Interactive ebooks make reading more fun

Geonovel eBook formatting is pretty standard at the moment. Basic text, with hopefully some sort of flexible paragraph and spacing design so it’ll still look pretty in different readers. eBooks, as a medium, are basically boring. eBooks need to be more interactive and fun than paper books if publishers want to attract more readers to them. Imagine all those potential customers who would happily try out an electronic version of a paper book, if that ebook came packed with all kinds of interesting, extra stuff that the paper book didn’t? Pictures! Music! Even maps could potentially be fun.

I recently found out about Senghor On The Rocks, an online ebook that uses Google Maps as illustrations and guide (more info on the book here). As the reader clicks through the pages, the map follows the characters along their story.

It’s quite neat, and it takes illustration and reader interaction to a whole new level. Wouldn’t it be nifty if, within an ebook (even one on a reader unconnected to the internet), a reader could click on the name of a location and get maps and pictures of that location? I would certainly appreciate such a feature for books that take place in parts of the world I’m not really familiar with, like Russia. Being able to actually see where the story is taking place just brings me that much closer to the characters. I do this already with paper books, only I first have to make my way to a computer and then Google around until I find something useful. I did this just now for one of the Young James Bond books– had to look up what an Eton uniform looked like, as I had no idea. It would be so much easier if those images were already hyperlinked inside my (e)book!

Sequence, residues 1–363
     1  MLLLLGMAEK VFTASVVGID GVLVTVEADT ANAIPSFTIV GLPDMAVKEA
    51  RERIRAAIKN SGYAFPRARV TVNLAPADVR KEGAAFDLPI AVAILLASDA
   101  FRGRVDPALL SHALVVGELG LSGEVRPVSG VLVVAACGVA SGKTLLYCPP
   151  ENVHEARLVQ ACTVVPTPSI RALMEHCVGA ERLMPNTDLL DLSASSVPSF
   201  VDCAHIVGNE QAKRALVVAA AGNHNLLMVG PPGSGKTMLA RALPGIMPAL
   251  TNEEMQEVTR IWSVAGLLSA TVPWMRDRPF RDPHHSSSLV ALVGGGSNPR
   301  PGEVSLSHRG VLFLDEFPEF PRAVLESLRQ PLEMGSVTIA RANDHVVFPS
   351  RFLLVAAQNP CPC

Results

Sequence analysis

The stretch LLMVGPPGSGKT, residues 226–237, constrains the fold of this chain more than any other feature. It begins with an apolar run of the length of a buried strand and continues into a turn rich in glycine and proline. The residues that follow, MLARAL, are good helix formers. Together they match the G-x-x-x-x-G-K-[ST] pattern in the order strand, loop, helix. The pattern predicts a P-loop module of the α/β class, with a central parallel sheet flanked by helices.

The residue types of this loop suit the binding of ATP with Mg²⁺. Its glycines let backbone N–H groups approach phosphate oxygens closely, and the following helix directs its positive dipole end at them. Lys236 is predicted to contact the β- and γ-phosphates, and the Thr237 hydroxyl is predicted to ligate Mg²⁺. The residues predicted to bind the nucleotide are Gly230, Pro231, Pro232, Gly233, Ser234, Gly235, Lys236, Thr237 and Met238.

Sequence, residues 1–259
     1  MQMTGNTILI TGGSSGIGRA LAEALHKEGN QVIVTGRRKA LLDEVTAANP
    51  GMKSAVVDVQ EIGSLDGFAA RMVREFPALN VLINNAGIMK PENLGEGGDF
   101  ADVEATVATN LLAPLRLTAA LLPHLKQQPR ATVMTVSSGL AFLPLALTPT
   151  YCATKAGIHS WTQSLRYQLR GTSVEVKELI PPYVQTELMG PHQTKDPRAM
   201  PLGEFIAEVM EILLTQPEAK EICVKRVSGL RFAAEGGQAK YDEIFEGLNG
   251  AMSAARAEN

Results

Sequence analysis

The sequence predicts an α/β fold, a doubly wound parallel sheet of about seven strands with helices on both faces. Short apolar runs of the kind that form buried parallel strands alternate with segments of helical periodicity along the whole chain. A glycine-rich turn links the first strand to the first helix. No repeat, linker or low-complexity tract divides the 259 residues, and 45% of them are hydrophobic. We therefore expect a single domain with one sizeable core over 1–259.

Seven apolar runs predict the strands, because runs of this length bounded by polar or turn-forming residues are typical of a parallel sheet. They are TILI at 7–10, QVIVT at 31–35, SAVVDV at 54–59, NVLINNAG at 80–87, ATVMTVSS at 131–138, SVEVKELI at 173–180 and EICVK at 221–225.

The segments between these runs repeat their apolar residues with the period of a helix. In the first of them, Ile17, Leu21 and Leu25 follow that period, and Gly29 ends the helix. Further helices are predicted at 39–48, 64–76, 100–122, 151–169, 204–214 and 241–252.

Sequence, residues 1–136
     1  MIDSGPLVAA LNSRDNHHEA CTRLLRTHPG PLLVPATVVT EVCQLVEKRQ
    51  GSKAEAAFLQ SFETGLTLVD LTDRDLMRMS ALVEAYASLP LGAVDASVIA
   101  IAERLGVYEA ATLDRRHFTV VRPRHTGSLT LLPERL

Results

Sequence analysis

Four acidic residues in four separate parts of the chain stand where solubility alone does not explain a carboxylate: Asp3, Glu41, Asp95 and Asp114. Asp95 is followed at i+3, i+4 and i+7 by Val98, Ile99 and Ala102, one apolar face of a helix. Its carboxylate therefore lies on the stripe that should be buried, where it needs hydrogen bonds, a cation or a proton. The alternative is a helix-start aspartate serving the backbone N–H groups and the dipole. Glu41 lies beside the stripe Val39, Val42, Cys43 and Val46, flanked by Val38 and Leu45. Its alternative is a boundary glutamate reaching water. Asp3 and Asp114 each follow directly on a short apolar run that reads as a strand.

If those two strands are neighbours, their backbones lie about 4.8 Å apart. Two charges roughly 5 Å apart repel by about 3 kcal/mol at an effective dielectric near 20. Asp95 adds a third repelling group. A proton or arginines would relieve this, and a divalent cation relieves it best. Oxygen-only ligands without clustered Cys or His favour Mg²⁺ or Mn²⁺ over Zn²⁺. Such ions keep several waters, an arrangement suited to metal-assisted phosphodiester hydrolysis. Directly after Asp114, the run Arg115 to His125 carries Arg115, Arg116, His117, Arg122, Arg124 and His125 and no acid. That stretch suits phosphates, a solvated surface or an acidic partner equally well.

This sort of thing could work with regular illustrations as well, and if they were hyperlinked they wouldn’t even break up the flow of the text. It could potentially make ebooks a lot more fun than they already are. Now, if only ebook readers (both software and hardware) could get with the program and figure out how to show images properly. I’m sure that’d kick-start something.

There’s a whole heap of other things that could be introduced in the ebook format that I haven’t even talked about yet. Wouldn’t it be nifty if, at the end of the book, readers could email the authors with their feedback? Or if they could chat about the book with other people who have read it, like a mini-forum, all within the ebook itself (or the ebook reader, I suppose)? Books should be fun, and ebooks have the potential to be major fun. A new way of reading for a new format– why not?

What do you think? What would you like to see added to the standard ebook formatting?

2 thoughts on “Interactive ebooks make reading more fun”

  1. I love your ideas for making ebooks more interactive. I haven’t tried an ebook yet, but can you make notes or highlight passages? If the print book has illustrations, does the ebook include them too?

    I’ll be following your ebook posts!

  2. Beth: It depends on the ebook program/reader. On my iPod Touch, for instance, the eReader app can take bookmark and highlight (and I think Stanza can, too). Most ebooks don’t have illustrations, though. Some .pdf files might, but the images are only viewable on the computer as I think all the current ebook readers can’t handle images within ebook files.

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